Having experienced the Guinness Six Nations before as an England player and an Italy attack coach, Mike Catt is excited to be part of a new regime for Ireland’s Championship opener against Scotland tomorrow.
The South African-born former England international worked alongside Conor O’Shea in the Italy set-up for three-and-a-half years, culminating at the 2019 Rugby World Cup where they were eliminated at the pool stage.
Despite Ireland’s own disappointment at how things unfolded in Japan, their new attack coach has no concerns over the quality that exists within the ranks.
“They don’t get to number one in the world by not being a good side,” said Catt. “When you look at the quality of player that they’ve got and you watch the provinces as well, all of the provinces are playing some really good rugby and being successful too.
“Jumping on the back of that and complimenting what they’re doing is crucial for us. You’ve got world-class players. Still young, still learning. They’ve got to go all through these downs before they get to the ultimate ups.
“We’ve all been through that as players and as coaches so it’s how we respond on the back of it. I think Andy (Farrell) is going to put a good environment in place where these guys can deal with those sort of things and deal with what international rugby is about.”
Indeed, by understanding what each of Ireland’s four professional teams are trying to implement, Catt believes head coach Farrell will have left his stamp on the team by the time this Six Nations campaign come to a close.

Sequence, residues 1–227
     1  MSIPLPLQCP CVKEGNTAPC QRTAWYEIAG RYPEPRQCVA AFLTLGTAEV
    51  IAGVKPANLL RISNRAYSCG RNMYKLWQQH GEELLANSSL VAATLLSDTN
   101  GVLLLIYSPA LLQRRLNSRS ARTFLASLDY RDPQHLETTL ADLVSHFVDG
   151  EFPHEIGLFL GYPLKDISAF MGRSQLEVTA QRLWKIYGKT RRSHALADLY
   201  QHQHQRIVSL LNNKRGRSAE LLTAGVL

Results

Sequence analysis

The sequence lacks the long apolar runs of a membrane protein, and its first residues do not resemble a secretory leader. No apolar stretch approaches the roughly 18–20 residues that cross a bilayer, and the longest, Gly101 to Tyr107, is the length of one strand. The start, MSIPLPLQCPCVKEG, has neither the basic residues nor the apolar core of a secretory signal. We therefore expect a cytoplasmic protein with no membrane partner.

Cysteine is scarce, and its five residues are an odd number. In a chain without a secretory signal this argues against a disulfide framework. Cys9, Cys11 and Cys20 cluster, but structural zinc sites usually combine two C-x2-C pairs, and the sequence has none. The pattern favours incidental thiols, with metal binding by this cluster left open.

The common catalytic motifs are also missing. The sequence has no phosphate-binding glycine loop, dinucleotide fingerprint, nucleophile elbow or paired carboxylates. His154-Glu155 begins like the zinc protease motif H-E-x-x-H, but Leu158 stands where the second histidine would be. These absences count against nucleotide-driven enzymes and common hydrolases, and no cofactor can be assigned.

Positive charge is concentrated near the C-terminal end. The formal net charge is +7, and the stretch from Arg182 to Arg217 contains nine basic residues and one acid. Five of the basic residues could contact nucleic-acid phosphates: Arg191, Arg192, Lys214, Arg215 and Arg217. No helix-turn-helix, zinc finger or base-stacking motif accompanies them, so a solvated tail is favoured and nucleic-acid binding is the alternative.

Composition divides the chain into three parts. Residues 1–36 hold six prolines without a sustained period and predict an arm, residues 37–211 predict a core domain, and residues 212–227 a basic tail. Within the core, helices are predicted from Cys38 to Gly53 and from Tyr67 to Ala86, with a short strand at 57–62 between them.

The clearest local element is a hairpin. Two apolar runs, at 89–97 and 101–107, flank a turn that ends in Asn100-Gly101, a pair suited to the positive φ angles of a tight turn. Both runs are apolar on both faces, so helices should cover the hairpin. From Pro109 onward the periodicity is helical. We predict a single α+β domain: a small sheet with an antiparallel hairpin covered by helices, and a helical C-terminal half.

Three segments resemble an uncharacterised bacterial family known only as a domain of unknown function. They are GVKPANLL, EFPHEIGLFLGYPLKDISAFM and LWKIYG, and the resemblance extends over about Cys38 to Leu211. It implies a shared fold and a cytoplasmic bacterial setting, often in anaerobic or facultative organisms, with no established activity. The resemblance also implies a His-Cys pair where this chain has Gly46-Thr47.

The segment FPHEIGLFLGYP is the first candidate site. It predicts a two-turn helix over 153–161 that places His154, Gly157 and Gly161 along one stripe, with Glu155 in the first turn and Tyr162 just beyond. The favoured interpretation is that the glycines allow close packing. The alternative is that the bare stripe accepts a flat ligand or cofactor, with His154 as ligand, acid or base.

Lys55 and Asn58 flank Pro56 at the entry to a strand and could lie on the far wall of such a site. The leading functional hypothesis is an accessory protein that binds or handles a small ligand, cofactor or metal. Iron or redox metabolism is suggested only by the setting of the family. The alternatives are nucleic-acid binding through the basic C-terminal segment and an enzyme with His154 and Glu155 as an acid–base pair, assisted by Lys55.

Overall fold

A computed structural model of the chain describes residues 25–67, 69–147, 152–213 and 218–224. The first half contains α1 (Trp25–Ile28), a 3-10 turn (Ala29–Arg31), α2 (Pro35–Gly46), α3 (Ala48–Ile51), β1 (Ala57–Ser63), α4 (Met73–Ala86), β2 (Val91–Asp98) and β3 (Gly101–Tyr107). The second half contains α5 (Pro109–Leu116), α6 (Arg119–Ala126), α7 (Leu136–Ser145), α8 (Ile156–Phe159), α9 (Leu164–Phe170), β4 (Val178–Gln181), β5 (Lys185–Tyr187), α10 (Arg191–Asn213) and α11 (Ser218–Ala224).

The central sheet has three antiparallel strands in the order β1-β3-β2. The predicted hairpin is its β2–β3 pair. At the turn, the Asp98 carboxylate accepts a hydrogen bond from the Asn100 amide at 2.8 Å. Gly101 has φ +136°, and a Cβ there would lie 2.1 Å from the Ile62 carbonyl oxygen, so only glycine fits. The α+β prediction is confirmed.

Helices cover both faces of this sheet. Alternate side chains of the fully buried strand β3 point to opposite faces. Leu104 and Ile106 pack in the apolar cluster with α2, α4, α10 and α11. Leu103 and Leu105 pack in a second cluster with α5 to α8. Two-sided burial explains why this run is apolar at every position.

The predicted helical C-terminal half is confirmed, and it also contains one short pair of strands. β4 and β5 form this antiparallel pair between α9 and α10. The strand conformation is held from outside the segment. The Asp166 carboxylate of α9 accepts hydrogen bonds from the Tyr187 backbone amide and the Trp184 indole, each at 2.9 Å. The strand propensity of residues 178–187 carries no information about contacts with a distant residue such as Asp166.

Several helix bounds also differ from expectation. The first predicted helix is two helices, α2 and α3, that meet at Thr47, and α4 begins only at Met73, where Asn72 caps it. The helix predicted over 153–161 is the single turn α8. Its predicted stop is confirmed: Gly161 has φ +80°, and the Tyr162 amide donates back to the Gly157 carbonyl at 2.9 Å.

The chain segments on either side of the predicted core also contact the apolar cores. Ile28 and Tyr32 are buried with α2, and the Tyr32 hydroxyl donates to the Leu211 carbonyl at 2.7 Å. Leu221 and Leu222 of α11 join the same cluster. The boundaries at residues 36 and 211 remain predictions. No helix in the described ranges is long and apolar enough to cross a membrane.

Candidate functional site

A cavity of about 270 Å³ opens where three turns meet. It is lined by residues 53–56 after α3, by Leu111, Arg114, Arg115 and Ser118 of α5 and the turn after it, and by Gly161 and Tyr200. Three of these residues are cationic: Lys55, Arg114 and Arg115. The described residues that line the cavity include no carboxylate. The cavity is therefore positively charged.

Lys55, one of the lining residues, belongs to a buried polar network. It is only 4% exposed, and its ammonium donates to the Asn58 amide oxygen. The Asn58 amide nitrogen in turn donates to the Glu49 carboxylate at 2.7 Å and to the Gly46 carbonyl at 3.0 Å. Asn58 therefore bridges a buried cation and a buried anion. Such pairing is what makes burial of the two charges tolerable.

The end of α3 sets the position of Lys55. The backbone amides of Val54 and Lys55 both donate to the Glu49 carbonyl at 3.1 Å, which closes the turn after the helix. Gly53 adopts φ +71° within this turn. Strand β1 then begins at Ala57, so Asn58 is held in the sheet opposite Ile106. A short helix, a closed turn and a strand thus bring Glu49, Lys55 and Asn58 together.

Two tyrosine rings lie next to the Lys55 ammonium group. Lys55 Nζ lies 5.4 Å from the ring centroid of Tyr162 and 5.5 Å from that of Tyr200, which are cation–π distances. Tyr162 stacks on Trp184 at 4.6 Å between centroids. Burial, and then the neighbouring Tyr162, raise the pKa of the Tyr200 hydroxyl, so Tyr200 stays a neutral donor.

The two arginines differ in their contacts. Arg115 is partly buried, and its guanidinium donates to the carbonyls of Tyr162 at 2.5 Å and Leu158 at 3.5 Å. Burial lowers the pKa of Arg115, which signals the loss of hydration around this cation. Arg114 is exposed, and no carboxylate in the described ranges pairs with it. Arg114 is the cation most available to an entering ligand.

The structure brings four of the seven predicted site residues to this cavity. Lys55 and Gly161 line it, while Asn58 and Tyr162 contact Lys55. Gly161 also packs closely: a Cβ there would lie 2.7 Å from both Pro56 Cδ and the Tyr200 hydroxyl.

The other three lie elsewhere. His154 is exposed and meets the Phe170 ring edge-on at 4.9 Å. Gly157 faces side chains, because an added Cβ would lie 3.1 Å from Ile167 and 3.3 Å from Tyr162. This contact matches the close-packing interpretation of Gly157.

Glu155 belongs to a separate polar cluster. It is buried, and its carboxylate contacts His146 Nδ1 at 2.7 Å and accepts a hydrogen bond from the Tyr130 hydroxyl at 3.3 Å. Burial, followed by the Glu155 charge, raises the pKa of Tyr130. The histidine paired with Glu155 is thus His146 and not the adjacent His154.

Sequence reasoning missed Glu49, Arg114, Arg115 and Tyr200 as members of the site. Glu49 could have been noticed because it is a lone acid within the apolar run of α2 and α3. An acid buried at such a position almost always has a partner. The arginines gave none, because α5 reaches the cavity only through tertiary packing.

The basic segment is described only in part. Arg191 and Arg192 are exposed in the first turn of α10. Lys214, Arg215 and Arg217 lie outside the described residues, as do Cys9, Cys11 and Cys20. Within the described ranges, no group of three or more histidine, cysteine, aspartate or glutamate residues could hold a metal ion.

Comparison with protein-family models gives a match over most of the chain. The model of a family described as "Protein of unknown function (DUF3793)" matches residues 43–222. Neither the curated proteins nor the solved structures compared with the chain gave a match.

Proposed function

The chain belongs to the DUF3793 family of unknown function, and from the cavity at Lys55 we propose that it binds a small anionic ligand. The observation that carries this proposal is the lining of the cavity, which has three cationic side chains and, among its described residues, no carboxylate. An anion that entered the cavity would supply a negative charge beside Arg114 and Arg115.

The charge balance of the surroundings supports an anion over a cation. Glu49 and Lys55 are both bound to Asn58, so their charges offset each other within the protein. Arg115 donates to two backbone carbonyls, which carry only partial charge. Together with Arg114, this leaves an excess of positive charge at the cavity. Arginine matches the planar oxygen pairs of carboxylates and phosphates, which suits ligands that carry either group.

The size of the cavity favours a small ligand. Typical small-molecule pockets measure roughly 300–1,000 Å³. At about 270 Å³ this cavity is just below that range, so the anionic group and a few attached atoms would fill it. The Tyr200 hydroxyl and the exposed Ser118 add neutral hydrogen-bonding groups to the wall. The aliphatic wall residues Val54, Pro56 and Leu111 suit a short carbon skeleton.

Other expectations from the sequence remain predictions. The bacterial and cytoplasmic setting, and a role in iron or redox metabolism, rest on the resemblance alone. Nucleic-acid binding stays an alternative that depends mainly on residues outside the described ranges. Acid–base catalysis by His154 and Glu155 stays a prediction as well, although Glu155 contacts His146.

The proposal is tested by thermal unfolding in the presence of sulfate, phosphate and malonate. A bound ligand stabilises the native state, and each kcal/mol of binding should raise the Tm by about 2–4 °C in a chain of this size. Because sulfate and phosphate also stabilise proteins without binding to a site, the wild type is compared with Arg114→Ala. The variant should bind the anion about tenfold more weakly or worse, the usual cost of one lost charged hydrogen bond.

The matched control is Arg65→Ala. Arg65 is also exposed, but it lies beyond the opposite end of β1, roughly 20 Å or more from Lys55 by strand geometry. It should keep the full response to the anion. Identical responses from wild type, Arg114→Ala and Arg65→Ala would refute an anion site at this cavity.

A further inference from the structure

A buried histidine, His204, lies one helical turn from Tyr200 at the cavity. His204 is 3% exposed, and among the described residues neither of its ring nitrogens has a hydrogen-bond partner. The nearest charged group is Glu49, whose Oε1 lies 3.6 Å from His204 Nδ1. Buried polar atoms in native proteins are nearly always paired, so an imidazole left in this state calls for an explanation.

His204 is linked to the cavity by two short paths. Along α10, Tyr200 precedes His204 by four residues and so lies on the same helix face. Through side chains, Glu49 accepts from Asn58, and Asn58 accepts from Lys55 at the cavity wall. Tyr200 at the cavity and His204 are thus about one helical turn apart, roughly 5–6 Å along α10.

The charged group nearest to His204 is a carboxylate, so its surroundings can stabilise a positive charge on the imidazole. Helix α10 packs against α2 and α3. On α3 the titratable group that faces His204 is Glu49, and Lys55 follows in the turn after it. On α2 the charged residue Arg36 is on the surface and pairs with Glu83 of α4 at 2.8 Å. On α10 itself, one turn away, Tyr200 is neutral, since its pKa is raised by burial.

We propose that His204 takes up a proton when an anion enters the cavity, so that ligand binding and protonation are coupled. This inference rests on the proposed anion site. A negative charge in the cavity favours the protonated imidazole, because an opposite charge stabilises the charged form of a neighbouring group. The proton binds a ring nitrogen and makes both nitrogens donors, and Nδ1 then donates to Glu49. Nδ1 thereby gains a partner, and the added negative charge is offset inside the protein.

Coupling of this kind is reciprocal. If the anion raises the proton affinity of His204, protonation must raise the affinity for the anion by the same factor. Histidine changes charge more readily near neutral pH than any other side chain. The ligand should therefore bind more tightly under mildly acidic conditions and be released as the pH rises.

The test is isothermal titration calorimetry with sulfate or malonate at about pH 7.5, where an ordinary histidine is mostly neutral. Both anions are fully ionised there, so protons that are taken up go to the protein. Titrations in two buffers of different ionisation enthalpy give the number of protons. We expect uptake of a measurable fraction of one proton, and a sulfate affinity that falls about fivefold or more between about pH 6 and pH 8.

“Andy has a philosophy. I think a lot of it is trying to compliment what the provinces do as well. You know, you’re not going to be able to change them overnight, so it’s just being realistic about how certain squads do certain things.
“Then us jumping on the back of it or the players bringing their skills to the way Andy wants the game, or the way we want the game to be played. They’ve responded very well to the way Andy wants to play and I think we’re all pretty excited about the way he wants to play.”
Nonetheless, Catt is fully aware of the need to get the basics right and being able to adapt to any given situation.
“You’ve still got to catch, kick and pass under pressure and I think the teams have been very successful in the European Cup. That’s the step just below international rugby, so we’ve got a lot of experience in the side as well and individually too.
“There are one or two players who want to right a few wrongs, so I think as a group of coaches we are expecting some good stuff at the weekend. Rugby is a decision-making game. If it’s on to kick, you kick. If it’s on to run, you run. That’s what we try to instil into the players. As long as they’re making the right decisions all of the time, the right decisions for the team, we’ll be alright.”
A Rugby World Cup champion and four-time Six Nations winner with England, Catt is only in the first couple of months of an IRFU contract that takes him up to and including the 2023 World Cup. Despite his short time with the squad to date, he has already got a good sense of the group he is working with.
“Very humble guys, extremely hard working and there is a willingness to learn. No egos. In other teams I’ve played with and I’ve coached there has always been big egos. You have a perception for the outside and I have been very impressed with the group of players you have.
“There is no time to have this ego, to be above your station. Again, that boils down to your provinces and what it means to play for Ireland. Ultimately we need to maintain that. The culture that Andy produces or reproduces is going to make sure none of that happens,” he added.